7.2.1 Quantitative atmospheric optical propagation
 7.2.2 Strehl ratio
 7.2.3 Wind
 7.3 Atmospheric Transmission with Wavelength
 7.4 Observatory Location
 7.5 Conclusion
 References
 Bibliography
 Chapter 8 Scalar and Vector Waves: Polarization
 8.1 Introduction
 8.2 Vector Waves
 8.2.1 Linear polarization
 8.2.2 Circular and elliptical polarization
 8.3 Methods to Describe Polarized Light
 8.3.1 Introduction
 8.3.2 The Jones calculus
 8.3.3 The Stokes vector
 8.3.4 The Mueller matrix operator
 8.4 Source of Polarization in Instruments
 8.5 Polarization at the Interface of Dielectrics
 8.6 Polarization at the Interface of Dielectrics and Metals
 8.7 Powered (Curved) Optics Introduce Polarization
 8.7.1 Mueller matrices for various devices
 References
 Bibliography
 Chapter 9 Scalar Diffraction and Image Formation
 9.1 Introduction
 9.1.1 Image formation
 9.2 The Coordinate System
 9.3 Introduction to Diffraction and Image Formation
 9.3.1 The Huygens–Fresnel principle
 9.3.2 The Fresnel approximation
 9.4 The Fraunhofer Approximation
 9.5 The Airy Diffraction Pattern
 9.6 Rayleigh Criterion
 9.7 Diffraction for a Cassegrain Telescope
 9.8 PhaseTransforming Properties of a Lens
 9.9 The Fourier Transforming Properites of Lenses
 9.9.1 Fraunhofer diffraction pattern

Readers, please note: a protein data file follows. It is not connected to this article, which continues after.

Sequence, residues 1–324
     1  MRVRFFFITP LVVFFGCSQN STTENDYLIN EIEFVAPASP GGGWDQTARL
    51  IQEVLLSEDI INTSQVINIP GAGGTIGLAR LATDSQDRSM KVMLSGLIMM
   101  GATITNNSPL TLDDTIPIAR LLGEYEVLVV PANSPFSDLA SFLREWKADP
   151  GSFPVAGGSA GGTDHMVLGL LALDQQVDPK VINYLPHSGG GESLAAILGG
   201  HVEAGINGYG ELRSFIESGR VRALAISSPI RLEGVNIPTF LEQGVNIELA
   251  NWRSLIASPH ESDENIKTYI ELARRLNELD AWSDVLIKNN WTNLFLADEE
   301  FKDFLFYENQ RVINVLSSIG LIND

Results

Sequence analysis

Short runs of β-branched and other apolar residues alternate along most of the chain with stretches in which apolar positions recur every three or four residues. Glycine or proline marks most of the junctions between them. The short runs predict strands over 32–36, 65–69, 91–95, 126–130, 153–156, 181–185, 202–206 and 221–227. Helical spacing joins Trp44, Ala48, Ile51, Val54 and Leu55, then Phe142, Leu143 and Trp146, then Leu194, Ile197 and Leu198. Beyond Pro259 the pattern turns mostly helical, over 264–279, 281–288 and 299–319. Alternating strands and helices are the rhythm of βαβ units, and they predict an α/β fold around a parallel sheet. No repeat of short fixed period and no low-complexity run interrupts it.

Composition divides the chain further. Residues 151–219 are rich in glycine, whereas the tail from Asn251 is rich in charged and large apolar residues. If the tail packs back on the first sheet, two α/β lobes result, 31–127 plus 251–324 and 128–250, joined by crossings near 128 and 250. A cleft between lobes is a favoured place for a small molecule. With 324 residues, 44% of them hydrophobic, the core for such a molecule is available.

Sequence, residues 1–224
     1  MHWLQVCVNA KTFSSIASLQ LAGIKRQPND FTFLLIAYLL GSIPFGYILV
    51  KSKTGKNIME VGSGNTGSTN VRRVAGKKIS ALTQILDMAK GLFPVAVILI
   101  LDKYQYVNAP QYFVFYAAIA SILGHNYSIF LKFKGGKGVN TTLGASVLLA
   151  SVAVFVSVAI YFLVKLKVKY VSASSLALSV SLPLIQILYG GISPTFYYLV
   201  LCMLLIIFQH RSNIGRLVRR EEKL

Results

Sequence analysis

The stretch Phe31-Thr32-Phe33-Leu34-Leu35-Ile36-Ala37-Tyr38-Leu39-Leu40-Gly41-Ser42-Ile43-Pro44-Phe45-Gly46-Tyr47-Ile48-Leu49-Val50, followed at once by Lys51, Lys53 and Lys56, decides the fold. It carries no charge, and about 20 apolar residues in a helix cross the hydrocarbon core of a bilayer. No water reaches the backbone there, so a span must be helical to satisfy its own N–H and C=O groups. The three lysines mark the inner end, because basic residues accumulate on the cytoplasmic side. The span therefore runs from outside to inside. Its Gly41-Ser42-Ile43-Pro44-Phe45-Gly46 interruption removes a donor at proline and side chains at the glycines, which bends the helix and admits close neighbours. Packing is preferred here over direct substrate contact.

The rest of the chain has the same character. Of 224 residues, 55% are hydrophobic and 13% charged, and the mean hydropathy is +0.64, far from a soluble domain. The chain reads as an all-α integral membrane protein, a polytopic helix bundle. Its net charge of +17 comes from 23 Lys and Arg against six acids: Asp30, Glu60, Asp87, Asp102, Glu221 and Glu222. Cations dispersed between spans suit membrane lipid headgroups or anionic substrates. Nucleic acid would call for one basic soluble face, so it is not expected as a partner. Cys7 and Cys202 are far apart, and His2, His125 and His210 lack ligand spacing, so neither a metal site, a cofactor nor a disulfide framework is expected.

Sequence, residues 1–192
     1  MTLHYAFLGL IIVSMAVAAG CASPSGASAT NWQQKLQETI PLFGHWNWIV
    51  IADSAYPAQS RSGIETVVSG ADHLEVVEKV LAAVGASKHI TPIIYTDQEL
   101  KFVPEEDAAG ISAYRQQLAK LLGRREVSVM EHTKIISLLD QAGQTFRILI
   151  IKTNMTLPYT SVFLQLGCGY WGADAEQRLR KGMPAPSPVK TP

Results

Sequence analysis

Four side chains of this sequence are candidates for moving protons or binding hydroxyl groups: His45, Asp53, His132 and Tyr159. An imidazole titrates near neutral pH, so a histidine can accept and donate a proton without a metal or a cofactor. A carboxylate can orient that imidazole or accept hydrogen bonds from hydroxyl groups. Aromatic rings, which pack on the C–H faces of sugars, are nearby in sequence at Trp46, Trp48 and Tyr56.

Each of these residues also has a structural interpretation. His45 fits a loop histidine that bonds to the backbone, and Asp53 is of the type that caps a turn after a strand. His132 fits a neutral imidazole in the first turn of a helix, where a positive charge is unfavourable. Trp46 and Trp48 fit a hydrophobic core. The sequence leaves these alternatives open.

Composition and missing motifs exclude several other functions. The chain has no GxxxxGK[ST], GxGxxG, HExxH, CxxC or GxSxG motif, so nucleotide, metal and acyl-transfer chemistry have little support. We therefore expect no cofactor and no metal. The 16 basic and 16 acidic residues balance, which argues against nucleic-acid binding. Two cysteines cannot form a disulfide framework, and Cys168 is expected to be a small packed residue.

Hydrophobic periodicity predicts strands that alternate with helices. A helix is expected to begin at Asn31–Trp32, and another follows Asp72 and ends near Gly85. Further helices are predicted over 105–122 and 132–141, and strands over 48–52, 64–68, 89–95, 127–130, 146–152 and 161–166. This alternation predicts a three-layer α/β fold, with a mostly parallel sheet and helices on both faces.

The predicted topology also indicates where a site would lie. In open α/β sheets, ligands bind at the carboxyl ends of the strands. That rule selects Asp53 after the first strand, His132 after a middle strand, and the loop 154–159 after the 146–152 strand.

9.10 Fourier Transforms and Applications to Optics
 9.10.1 Shorthand notation for Fourier transform applications
 9.10.1.1 The rectangle function
 9.10.1.2 The sinc function
 9.10.1.3 The sgn function
 9.10.1.4 The triangle function
 9.10.1.5 The delta function
 9.10.1.6 The comb function
 9.10.1.7 The circ function
 9.10.1.8 The Gaus function
 9.10.1.9 Shorthand notation for Fourier transform
 9.10.2 The Fourier transforms of twodimensional functions
 9.10.3 Fouriertransform theorems and shorthand notations
 9.10.4 Similarity theorem
 9.10.5 Shift theorem
 9.10.6 Parseval's theorem
 9.10.7 Convolution theorem
 9.10.8 Autocorrelation theorem
 9.10.9 Representation of pupil functions (apertures)
 9.11 Optical Transfer Function (OTF)
 9.11.1 Introduction
 9.11.2 Summary
 9.12 Digital Images
 9.12.1 Detector resolution
 9.12.2 Pixels per point spread function